In my last two “Finding a Trainer” columns, I emphasized the importance of actually talking to the trainer, not only to expedite the exchange of information regarding your needs, but also to get a feel for them as a person, as well as to verify their credentials.
To illustrate this point further, I will share an extremely unsettling riddle, told to us by one of the residents who worked on my wife’s seventh and eighth spine surgeries:
Question: What do you call the person who graduated last in their class at medical school?Answer: Doctor!
No, we didn’t laugh, either.
Now, apply that to professional dog training, where there are no regulations or accredited degrees, and one can see the crapshoot that dog owners face when trying to find a legitimate trainer.
I have four rules for successful dog training, and for choosing a trainer. The first is probably the most important, and useful, when vetting potential trainers: Follow the Golden Rule. If you wouldn’t let them use their technique on you, or a child, then you shouldn’t do it to your dog.
Despite the claim made by some trainers that you “don’t teach/treat dogs like children,” the principles of learning are identical for both species. If a particular behavior yields positive results, it is going to be repeated. If a behavior yields unpleasant results, it will not be repeated. Not exactly rocket science here, folks!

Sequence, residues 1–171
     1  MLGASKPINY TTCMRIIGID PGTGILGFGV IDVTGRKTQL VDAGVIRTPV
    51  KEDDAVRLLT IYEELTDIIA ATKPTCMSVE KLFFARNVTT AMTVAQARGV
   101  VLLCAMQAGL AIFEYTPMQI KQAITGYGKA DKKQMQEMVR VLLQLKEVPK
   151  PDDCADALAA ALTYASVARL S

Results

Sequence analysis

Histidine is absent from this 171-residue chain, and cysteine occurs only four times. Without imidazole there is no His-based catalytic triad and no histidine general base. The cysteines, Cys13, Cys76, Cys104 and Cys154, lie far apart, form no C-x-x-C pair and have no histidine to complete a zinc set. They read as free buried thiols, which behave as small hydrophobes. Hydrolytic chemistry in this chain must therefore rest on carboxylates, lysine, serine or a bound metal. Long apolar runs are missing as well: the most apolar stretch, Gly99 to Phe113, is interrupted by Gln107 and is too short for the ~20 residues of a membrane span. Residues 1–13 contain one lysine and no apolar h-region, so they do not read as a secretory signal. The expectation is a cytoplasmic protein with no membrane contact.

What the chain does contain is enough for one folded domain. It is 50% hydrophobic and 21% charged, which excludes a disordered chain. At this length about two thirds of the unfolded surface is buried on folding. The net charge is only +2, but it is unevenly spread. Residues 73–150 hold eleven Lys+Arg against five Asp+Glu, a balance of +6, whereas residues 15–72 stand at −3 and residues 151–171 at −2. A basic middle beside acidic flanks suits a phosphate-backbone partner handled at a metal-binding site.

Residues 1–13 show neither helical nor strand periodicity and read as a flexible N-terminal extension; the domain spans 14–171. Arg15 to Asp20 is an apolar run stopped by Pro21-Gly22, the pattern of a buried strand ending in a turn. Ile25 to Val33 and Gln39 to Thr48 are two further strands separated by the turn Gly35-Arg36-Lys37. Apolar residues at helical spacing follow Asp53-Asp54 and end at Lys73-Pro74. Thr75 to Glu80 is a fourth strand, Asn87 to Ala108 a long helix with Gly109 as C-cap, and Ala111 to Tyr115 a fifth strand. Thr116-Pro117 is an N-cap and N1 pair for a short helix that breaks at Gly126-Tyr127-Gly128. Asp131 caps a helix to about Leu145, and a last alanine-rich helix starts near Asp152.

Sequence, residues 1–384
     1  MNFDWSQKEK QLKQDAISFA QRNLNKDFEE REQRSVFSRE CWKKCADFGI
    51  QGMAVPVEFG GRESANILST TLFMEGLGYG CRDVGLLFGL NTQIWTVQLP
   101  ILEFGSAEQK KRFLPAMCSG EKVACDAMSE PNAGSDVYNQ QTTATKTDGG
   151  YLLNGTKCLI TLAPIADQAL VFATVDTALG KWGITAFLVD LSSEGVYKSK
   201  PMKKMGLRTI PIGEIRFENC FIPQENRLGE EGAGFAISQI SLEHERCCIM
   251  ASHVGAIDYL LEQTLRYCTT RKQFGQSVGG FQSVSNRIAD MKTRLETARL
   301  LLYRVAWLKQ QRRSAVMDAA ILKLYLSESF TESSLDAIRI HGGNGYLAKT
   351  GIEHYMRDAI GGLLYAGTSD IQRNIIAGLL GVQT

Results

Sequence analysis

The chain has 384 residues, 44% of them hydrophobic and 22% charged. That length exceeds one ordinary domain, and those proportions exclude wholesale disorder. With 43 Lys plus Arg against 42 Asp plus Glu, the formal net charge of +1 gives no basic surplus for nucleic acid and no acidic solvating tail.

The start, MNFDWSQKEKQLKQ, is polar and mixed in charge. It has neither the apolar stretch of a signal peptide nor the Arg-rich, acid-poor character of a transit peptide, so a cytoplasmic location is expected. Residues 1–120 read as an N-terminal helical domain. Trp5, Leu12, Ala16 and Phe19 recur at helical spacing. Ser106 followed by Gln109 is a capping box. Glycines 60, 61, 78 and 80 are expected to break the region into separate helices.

And let’s not forget about Uncle Pavlov, one of the godfathers of modern psychology. He is the man who quantified classical conditioning. Most notably, pairing (combining) the ringing of a bell with food presented to a hungry dog. After a few repetitions, the ringing of the bell made the dog salivate. We all use this technique, in various ways, everyday, especially when teaching.
Training your dog should be fun, not a chore, and certainly not an unpleasant experience. I have “cured” a number of people, and trainers, by offering to teach them German commands using their dog-training techniques on them, most often the choke-chain, yank-and-crank-style trainers. Funny, I haven’t had a taker yet! I wonder why?
As I have stated numerous times, never be afraid to ask a trainer specifically how they train, or how they fix behavior problems. Go online, look up trainers in your area, and make some phone calls. Then you will see why I am so vehement about using the Golden Rule as a litmus test when searching for a trainer.